Ruthenia


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Related to Ruthenia: Ruthenian language

Ruthenia

(ro͞othē`nēə), Latinized form of the word Russia. The term was applied to Ukraine in the Middle Ages when the princes of Halych briefly assumed the title kings of Ruthenia. Later, in Austria-Hungary, the term Ruthenians was used to designate the Ukrainian population of W Ukraine, which included GaliciaGalicia
, Pol. Galicja, Ukr. Halychyna, Rus. Galitsiya, historic region (32,332 sq mi/83,740 sq km), SE Poland and W Ukraine, covering the slopes of the N Carpathians and plains to the north and bordering on Slovakia in the south.
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, BukovinaBukovina
, Rom. Bucovina, Ukr. Bukovyna, historic region of E Europe, in SW Ukraine and NE Romania. Traversed by the Carpathian Mts. and the upper Prut and Siretul rivers, it is heavily forested [Bukovina
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, and Carpathian Ukraine. After 1918 the term Ruthenia was applied only to the easternmost province of Czechoslovakia, which was also known as Carpathian Ukraine, or by its Czech name, Podkarpatská Rus [Sub-Carpathian Russia]; for the history of this area from 1918, see Transcarpathian RegionTranscarpathian Region
, Ukr. Zarkarpattya Oblast or Zakarpats'ka Oblast, Rus. Zakarpatskaya Oblast, administrative region (1989 pop. 1,252,000), 4,981 sq mi (12,901 sq km), SW Ukraine, on the southwestern slopes of the Carpathian Mts.
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. The inhabitants of Carparthian Ukraine, known as Rusyns or Ruthenians, speak a language (Rusyn or Ruthenian) is closely related to Ukrainian, but culturally, however, the Rusyns were distinct from the Ukrainians, especially after 1596, when the Orthodox Church of the Western Ukraine entered into union with the Roman Catholic Church, and after 1649, when a similar union was effected in Hungary. The Ruthenian Uniate Church of the Byzantine (see Roman Catholic ChurchRoman Catholic Church,
Christian church headed by the pope, the bishop of Rome (see papacy and Peter, Saint). Its commonest title in official use is Holy Catholic and Apostolic Church.
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) thus included the majority of the Rusyns in the Austro-Hungarian Monarchy, while the Orthodox Church was fully restored (17th cent.) in the Russian part of Ukraine. When most Rusyns were united (1945) in Soviet Ukraine, government pressure resulted in the secession of the Ruthenian Uniate Church from Rome and its reunion with the Russian Orthodox Church. At the same time, the Soviets classified the Rusyns, who had been divided as to whether to regard themselves as ethnically Rusyn, Russian, or Ukrainian, as Ukrainian. This position also was adopted by Communist-ruled Czechoslovakia and Poland with respect to their Rusyn minorities. In 1989 the Uniate Church broke with the Russian Orthodox Church and reestablished its ties with Rome. The end of Communist rule in E Europe also brought a resurgence of a distinct Rusyn identity, although Ukraine has not recognized Transcarpathian Rusyns as an ethnic minority, as well as a interest among some in establishing a Rusyn nation.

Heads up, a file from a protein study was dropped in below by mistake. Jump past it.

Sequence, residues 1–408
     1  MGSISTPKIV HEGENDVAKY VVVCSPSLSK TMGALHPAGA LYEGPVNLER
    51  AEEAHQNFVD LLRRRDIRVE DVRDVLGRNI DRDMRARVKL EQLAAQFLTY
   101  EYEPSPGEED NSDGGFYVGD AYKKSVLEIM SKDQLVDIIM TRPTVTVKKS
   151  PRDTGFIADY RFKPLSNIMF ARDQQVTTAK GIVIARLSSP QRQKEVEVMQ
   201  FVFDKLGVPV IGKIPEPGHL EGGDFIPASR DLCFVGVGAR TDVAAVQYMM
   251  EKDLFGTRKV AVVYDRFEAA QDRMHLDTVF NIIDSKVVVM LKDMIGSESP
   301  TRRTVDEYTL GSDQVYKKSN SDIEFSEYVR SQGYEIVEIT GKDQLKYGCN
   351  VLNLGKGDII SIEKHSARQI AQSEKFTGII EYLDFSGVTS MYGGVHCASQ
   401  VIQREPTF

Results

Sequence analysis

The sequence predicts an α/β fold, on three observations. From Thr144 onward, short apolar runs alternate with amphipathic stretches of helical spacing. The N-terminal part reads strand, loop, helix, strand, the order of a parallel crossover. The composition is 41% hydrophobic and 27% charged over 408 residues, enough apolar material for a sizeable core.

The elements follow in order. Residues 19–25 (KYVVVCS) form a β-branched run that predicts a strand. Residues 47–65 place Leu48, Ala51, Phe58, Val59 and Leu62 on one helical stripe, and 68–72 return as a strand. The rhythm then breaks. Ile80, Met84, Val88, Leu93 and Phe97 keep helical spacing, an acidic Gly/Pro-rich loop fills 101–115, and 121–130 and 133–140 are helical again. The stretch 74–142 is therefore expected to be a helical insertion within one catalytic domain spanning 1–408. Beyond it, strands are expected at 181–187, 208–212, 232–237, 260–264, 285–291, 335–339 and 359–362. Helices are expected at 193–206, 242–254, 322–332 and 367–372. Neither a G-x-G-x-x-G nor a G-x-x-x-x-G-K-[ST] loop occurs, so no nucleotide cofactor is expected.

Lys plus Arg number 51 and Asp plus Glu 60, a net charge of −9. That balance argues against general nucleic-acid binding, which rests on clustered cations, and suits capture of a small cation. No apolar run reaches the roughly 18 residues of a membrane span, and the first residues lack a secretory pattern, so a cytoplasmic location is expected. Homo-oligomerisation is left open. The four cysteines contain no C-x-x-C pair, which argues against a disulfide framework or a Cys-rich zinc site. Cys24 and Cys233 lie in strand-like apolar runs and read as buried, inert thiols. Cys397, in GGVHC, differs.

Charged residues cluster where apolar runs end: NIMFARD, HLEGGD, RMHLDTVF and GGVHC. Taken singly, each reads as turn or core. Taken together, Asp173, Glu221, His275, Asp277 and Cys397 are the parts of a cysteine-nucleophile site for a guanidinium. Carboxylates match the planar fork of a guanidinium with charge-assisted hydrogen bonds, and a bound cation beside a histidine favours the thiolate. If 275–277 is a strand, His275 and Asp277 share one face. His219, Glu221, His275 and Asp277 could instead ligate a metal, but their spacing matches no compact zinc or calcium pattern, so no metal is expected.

Ruthenia

a region of E Europe on the south side of the Carpathian Mountains: belonged to Hungary from the 14th century, to Czechoslovakia from 1918 to 1939, and was ceded to the former Soviet Union in 1945; in 1991 it became part of the newly independent Ukraine
References in periodicals archive ?
In Greater and Lesser Poland, as well as in Masovia, Ruthenia, and Lithuania, Latin was also more convenient and easier to understand for merchants (Bogucka & Samsonowicz 1986: 267), who had to keep records and frequently belonged to the municipal elite (Bartoszewicz 1999: 11).
A corresponding obligation is assumed by the Government of the German Reich in respect to the persons of Ukrainian or White Ruthenia descent residing in the territories under its jurisdiction.
It is the diffusion of Poland's musical culture into Ukraine and later on, all of Ruthenia and finally, there is diffusion of Renaissance and Baroque elements into construction and sacral art.
Within the Polish-Lithuanian Commonwealth, the depopulated and largely destroyed Ruthenia became a territory where professing Orthodoxy put one under suspicion: Orthodoxy ceased to be regarded as a "Greek" religion and began to be regarded as a "Muscovite" one.
When the Austro-Hungarian Empire collapsed after World War I, a new nation was formed out of Bohemia, Slovakia, Moravia, Ruthenia and the Sudetenland.
Deep Rooted Yet Alien: Some Aspects of the History of the Jews in Sub-Carpathian Ruthenia.
The results were disastrous for the Czechs, whose new Czechoslovak republic consisted of truncated Czech lands (some border territory ceded to Germany) and autonomous regions in Slovakia and Ruthenia.
Continuing his negative description he reported the governor of Ruthenia had taught Gypsies there not to steal while the schoolmaster provided what education he could, given the limited attention span of his pupils.
In so doing, they create national minorities, such as Hungarians living in Ruthenia, Slovakia, and Transylvania, communities located outside the territorial sovereignty of the state with which they bear historical affiliation.
The folk music of Bohemia, Moravia and Silesia was assigned to the care of Professor Josef Horak, Slovakia to Dobroslav Orel and Karel Plicka, and Sub-Carpathian Ruthenia to Dr.
Another example is Ruthenia (or Carpathian Russia).